A and A's Movie A Day

Watching movies until we run out.

Movie 288 – Read or Die (OVA)

Read or Die (OVA) – December 13th, 2010

I first saw this movie for work. A few years back we ran a regular anime night at work, showing episodes of shows and some movies and OVAs. We did a few episodes of Witch Hunter Robin and Here is Greenwood and to be honest I’ve forgotten a lot of what else we did. There was one incident where one of the regulars, who’d been trying to get me to show Naruto for months (no, kid, I can’t show your fansubs), stormed out when he realized that the version I’d finally gotten legal rights to show didn’t have as much skin as he wanted. It was an interesting experiment as programs go, and it got us in the paper, but eventually we discontinued it. We started it, however, with this. It seemed fitting, what with it being about librarians and books.

Oh, if only I could work for the British Library Special Ops division. According to the movie, the British Library has a Special Ops taskforce for the protection and retrieval of rare books all over the world. And in case you were wondering, yes, that is fucking awesome. When the Library of Congress is attacked and 400 manuscripts stolen from it the LoC calls in the British Library Special Ops folks for help. Bizarre attacks all over the place have resulted in missing manuscripts and books, all of which is totally horrific to Yomiko Readman, an agent also known as The Paper. She’s a voracious reader and bibliomaniac who also has an instinctual power over paper. She can mold it, throw it, make it sharp, make it hard, stick pieces together through force of will, etc. Sort of like Magneto, but with paper. Eventually it’s revealed that there was also an attack on a bank of genetic samples and the people responsible for the attacks are all clones of significant historical figures. And at the center of it all is an old copy of Immortal Beloved with some musical notations on the endpapers.

Right, so it’s bizarre. I mean, it’s got Jean Henri Fabre riding in on a giant mechanical grasshopper at one point, and the plot revolves around a plan to kill off the human race using a symphony that makes people commit suicide. Let’s just face up to the fact that it’s more than a little weird. It’s totally not a big deal, because it’s also fantastic. Yomiko is a great character, really, and while there’s a good backup cast full of her teammates, she herself is undoubtedly my favorite part of this movie.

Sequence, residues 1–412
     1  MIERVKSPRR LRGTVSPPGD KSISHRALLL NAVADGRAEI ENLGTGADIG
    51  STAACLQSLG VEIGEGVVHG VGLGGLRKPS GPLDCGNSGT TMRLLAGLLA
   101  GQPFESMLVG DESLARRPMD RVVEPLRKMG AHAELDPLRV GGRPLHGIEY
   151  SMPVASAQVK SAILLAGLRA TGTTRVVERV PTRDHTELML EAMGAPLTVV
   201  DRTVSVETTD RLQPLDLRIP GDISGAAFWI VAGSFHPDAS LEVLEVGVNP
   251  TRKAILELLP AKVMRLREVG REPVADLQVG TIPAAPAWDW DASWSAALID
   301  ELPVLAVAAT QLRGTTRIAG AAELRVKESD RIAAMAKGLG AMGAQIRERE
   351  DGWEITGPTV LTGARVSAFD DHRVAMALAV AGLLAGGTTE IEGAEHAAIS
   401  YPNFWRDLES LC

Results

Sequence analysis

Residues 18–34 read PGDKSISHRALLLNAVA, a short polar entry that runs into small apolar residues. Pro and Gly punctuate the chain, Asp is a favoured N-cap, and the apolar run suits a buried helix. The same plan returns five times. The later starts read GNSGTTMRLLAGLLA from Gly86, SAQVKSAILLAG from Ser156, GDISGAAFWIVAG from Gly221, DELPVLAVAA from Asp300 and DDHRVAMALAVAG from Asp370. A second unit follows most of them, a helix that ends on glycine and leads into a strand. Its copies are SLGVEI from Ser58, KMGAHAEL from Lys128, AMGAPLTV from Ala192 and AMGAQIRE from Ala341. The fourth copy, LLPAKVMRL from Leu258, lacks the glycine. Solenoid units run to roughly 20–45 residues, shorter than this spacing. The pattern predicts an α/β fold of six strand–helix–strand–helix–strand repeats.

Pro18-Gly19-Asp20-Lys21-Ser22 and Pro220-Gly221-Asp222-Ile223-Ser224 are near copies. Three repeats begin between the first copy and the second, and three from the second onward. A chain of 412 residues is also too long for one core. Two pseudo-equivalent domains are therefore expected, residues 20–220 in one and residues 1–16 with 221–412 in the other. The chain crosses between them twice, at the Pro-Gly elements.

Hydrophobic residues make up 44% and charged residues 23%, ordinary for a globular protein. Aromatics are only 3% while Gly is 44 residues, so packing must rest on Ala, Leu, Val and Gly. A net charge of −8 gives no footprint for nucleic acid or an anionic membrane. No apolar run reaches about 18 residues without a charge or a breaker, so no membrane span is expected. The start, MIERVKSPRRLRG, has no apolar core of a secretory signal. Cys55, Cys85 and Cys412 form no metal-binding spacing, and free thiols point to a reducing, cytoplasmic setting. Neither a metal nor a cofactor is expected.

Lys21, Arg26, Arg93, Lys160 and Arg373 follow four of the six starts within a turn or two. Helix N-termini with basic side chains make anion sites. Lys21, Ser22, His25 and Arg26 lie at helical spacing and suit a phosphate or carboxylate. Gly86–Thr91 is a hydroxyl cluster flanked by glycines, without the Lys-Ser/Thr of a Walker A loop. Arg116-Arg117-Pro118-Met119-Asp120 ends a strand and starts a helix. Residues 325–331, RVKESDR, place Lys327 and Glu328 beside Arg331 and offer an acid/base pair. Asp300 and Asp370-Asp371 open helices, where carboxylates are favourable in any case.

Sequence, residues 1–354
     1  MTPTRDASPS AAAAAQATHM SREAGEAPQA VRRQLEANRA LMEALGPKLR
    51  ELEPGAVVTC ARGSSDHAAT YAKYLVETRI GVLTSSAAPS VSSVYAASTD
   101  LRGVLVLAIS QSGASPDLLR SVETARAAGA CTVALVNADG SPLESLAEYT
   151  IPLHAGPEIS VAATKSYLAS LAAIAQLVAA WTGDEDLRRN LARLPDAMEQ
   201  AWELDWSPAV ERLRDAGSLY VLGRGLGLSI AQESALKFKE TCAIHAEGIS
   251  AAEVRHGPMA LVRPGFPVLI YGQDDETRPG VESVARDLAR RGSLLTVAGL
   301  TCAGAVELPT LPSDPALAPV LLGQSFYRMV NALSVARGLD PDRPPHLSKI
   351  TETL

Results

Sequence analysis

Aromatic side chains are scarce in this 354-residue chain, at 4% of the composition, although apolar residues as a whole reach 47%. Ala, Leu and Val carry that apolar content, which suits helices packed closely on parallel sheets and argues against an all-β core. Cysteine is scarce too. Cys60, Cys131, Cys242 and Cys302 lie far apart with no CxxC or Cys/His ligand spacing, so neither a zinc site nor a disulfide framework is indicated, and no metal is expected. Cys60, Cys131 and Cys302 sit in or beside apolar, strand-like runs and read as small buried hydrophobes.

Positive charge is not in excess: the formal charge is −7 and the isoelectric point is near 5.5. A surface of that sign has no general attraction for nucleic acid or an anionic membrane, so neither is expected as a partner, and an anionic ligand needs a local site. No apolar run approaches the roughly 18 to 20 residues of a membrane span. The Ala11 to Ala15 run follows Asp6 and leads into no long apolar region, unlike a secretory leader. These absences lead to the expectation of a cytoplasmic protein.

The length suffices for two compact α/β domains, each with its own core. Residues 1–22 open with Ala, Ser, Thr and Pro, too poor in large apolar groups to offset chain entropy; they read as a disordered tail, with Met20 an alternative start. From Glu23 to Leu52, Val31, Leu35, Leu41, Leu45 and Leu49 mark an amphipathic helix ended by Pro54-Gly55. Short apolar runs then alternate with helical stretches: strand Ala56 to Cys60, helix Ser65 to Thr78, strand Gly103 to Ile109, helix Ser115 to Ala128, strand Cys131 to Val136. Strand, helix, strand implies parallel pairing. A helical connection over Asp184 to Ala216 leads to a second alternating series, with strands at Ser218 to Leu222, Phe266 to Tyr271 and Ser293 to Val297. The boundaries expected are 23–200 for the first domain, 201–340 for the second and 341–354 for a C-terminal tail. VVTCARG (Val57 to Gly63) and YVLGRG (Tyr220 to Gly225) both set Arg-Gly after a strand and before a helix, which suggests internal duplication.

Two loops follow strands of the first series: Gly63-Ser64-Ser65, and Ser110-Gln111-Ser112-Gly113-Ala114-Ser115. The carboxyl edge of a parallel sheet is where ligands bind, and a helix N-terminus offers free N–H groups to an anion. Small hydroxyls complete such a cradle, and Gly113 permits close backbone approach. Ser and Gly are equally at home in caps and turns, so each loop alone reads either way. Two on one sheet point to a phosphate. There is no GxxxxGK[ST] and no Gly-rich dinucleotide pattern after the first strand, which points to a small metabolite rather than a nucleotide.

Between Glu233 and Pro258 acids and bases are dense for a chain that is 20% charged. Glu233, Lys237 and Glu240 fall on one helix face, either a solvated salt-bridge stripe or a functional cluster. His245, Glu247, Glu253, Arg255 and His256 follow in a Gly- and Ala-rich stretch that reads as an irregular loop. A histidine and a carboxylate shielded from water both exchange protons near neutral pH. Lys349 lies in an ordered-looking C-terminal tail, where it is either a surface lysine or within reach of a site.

Yomiko collects books with a passion. When faced with new reading material she goes into a sort of book-induced trance of bliss. So while she’s pretty bad-assed with her paper skills, tossing sharpened cards at people and using a suitcase full of paper to quickly make shields, gliders and grappling hooks, it’s all in pursuit of a good book. The initial fight scene has her take down the mechanical grasshopper and Fabre not because they’re causing destruction all over the city and are obviously Up To No Good, but because Fabre took her book and she’d like it back, please. I won’t say she’d make a good library patron, since she’s more likely to be the type who can’t bear to bring the books back. But she is certainly my kind of gal with her neverending love of books and desire to always have more. And that’s why she makes a good library employee. It’s a perk of the job that there are always more books.

I do admit to being slightly confused by the choices in historical figures. I can’t argue with Gennai Hiraga, Genjo Sanzo or Ikkyu Soujun, because while I’m not familiar with them, I’m also not familiar with the historical periods and areas they’re from. The others, on the other hand, seem uneven. After all, there’s Fabre, who was an etymologist but not really a big name outside the field, and same for Otto Lillenthal and Stephen Wilcox. But then there’s Ludwig van Beethoven and Mata Hari. So the names seem to vary wildly in terms of renown. I guess it’s Fabre and Ikkyu who confuse me the most. Fabre because… Really? Out of all the historical figures they could have picked they go with an etymologist and give him a giant grasshopper? And Ikkyu Soujun, from what I can tell from a quick bit of reading, seems an odd choice for an antagonist. They even say so in the movie and he responds by saying that once he came back in modern time he realized he could use his mind for world domination and most humans are too stupid to live or something like that. It’s always seemed a bit arbitrary to me, like the writers threw darts at encyclopedias until they hit names.

Confusion over the specific people involved aside, I do enjoy this. Mostly I love it for Yomiko and for the British Library Special Ops division. It’s got this great ultra-new technology combined with a semi-steampunk Victorian vibe that I adore. Oldfashioned phones but super high tech cameras. Perfect for a group tasked with protecting rare books the world over. Respect for the old but also embracing the new. I really need to get the series that followed this and watch it through. I’m told it picks up a few years after this plot, which could be very cool. And I’d just love to see more of The Paper.

December 13, 2010 - Posted by | daily reviews | , , , , , , ,

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